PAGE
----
The Telegraph
Since 1st March, 1999
Email This Page
Beyond barriers

The British Council’s International School Awards were given out to 31 schools across the country on August 27, the culmination of a year-long project to promote internationalism through cultural, social and educational exchanges with schools in the UK.

The event held at HHI was hosted by Mir, who kept the audience upbeat with his jokes about everything from teaching to Salman Khan. Adding to the mood were colourful kites decorating the white pillars bearing messages of peace, as part of the ‘Kites for Peace’ Indo-Pak initiative by the Seagull Foundation for Arts.

Schools taking part in the International School Awards are required to present a brief at the beginning of the academic year outlining the events and projects they will organise. “These projects are based on a whole variety of educational, cultural and social projects carried out by the students and teachers and are well documented in a dossier that is submitted to a committee at the end of the year,” said Marina Gandhi, head of Education UK, east India.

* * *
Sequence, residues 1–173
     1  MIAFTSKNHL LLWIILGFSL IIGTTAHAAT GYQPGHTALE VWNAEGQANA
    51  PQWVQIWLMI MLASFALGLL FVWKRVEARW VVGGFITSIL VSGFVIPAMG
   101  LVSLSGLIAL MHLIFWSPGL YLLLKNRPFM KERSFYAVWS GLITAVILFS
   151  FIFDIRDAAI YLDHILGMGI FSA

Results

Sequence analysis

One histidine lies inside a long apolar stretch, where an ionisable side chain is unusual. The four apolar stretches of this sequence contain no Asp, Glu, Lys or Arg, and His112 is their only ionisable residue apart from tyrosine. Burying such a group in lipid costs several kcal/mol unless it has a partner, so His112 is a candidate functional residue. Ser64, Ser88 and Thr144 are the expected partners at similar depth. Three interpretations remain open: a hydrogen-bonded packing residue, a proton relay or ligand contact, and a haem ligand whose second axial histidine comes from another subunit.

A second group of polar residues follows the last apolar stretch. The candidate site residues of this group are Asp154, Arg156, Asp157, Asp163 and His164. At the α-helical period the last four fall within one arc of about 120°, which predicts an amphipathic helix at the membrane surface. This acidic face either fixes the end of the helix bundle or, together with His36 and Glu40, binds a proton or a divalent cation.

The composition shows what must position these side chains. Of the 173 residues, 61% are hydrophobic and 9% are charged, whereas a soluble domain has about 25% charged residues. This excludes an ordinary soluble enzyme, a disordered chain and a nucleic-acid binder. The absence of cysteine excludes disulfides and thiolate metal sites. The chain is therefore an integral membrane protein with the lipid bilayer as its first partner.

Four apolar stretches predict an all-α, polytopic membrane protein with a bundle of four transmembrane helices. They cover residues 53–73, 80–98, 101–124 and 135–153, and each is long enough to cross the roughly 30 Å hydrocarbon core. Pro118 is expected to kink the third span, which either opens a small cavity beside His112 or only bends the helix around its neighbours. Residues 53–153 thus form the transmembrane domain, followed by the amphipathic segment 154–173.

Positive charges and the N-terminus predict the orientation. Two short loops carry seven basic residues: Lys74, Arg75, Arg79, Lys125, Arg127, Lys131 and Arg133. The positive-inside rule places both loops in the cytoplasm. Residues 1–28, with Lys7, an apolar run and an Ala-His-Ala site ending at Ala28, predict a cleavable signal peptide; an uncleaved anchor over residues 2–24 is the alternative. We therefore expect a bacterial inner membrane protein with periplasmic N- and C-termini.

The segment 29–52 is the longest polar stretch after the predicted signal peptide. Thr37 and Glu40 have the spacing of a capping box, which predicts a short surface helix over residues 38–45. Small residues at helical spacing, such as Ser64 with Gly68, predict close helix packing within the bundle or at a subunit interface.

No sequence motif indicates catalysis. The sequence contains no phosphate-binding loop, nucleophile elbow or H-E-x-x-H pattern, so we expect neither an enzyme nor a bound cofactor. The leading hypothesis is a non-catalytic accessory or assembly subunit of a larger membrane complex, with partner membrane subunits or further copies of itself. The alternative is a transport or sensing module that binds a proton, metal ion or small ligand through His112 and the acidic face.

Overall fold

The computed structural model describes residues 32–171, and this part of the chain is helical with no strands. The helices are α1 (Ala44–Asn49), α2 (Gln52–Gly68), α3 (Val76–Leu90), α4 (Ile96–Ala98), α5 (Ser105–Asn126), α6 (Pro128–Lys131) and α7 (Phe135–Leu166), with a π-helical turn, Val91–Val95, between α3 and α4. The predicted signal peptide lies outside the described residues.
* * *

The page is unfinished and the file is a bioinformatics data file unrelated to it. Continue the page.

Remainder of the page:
The scheme allows schools from across the country to establish contact with schools in the UK, to interact with the students and teachers for cross-cultural exchange of curricula. “A project like this really brings our kids up to international standards, giving us a global perspective on education,” said Usha Rao, principal of Laxman Public School, one of the winning schools from Delhi. The participating schools from Calcutta included St James’ School, Apeejay School, Lakshmipat Singhania Academy and Salt Lake School.

The event, which was attended by Rod Pryde, regional director, British Council (India and Sri Lanka), packed in more entertainment from Amit Chaudhuri and his band, which performed its brand of fusion music . A song especially chosen for the audience — involving teachers — was called Moral Education, based on those age-old ‘moral science’ charts available at every pavement shop, educating boys and girls on becoming ‘good and dutiful children’.

Email This Page